When plotting out the new version of the show, Eick said, the producers decided, "If we're going to do this, let's try to make it feel real. Once you say it's a society that's been devastated by a holocaust, it leaves you very little wiggle room to say, 'Hey, let's do the casino planet,' which is what they do in the original Battlestar."

Oh yeah, that. The 1978 version was a campy affair - Lorne Green in space, no less. The current edition retains some basic plot elements from the original, but it's obviously a much darker show.

The Sci-Fi Channel occasionally suggests a somewhat lighter touch, Eick said, but none of the attempts seems to work out that way. The episodes in which they try to lighten up become their most depraved. He pointed to an episode in the first season that was going to be a laugh riot, ha-ha, but by the time Olmos stepped behind the camera to direct, things had taken a different turn. The episode included Ellen Tigh "swinging from the rafters with her legs wrapped around Tigh's neck, thrusting her pelvis in his face.

"It's just not in our destiny to do the light or the morally deliberate episode," Eick said.

Sounds like. And that's a good thing.

After escaping the Cylon occupation on New Caprica, the humans are once again searching for Earth. But now so are the Cylons, who have decided they want to make the planet, if it exists, their home. Gaius Baltar (James Callis), a genius who manages to get himself into some incredibly stupid trouble - he allowed his Cylon lover access to defense secrets that led to the attack that nearly annihilated the human race, oops - is trying to prove his worth to the Cylons so that they won't kill him. (Baltar is perhaps the show's most intriguing character, at least when he's acting crazy. He's somewhat wasted negotiating for his life trapped on a Cylon ship.)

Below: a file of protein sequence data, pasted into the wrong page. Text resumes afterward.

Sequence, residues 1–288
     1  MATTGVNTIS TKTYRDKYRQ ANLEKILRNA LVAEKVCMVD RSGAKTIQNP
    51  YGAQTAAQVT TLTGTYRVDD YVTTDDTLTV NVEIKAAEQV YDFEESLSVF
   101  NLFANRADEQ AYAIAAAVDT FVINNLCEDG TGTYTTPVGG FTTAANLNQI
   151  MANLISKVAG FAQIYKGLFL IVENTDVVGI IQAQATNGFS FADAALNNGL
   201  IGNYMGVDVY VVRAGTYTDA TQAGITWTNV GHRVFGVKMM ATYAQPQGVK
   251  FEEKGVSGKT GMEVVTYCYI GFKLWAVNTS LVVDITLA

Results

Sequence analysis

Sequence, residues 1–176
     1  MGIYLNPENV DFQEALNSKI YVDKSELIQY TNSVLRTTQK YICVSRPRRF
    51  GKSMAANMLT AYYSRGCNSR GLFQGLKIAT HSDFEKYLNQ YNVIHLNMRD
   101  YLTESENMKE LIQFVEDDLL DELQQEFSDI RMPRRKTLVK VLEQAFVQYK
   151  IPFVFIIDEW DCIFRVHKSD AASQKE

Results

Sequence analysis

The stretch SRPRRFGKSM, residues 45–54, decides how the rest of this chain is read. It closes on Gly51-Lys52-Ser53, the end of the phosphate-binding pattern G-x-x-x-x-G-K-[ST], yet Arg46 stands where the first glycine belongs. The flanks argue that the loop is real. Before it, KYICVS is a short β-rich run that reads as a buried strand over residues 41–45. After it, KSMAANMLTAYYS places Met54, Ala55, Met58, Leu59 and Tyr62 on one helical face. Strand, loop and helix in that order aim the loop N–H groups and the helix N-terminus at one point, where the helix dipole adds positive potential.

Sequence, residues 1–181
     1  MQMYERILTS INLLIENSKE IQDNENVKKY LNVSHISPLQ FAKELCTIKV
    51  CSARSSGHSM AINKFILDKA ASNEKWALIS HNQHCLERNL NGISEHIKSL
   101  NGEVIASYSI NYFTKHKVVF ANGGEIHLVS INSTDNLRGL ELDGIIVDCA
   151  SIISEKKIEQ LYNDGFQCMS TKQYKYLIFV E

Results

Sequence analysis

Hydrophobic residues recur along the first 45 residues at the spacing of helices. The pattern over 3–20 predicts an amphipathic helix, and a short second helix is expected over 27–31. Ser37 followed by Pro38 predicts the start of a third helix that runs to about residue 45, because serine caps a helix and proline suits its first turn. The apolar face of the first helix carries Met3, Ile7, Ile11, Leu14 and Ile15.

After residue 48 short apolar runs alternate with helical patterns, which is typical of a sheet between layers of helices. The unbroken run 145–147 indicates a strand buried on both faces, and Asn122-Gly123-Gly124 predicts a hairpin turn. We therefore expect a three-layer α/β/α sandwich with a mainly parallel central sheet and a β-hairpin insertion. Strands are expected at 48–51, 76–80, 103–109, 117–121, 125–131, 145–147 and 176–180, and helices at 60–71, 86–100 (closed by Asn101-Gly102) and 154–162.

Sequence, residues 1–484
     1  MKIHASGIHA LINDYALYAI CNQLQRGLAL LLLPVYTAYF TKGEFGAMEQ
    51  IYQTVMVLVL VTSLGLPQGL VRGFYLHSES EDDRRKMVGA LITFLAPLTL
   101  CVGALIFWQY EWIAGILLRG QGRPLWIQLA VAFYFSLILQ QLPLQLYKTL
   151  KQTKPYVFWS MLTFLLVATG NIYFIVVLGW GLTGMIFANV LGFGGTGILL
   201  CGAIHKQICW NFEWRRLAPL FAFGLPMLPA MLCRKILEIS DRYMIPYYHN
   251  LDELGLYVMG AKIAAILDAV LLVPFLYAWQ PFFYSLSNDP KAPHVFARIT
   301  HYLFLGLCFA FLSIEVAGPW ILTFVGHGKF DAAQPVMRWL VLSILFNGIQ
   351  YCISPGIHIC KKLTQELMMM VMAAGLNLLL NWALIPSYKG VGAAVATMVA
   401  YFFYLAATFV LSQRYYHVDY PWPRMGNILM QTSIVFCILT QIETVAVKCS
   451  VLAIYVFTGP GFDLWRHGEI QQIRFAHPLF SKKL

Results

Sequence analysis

Of course, proving his worth involves putting his fellow humans in jeopardy - old hat to Baltar, and typical of the dilemmas the show's characters face (though most struggle with them a little more than he does).

"We win this particular battle, but there's a cost," Eick said of the consequences of what seems like everything that happens on the show. "We win, but there is an ethical compromise."

That doesn't sound like science fiction. That sounds like real life.

And that's what makes Battlestar Galactica frakkin' great.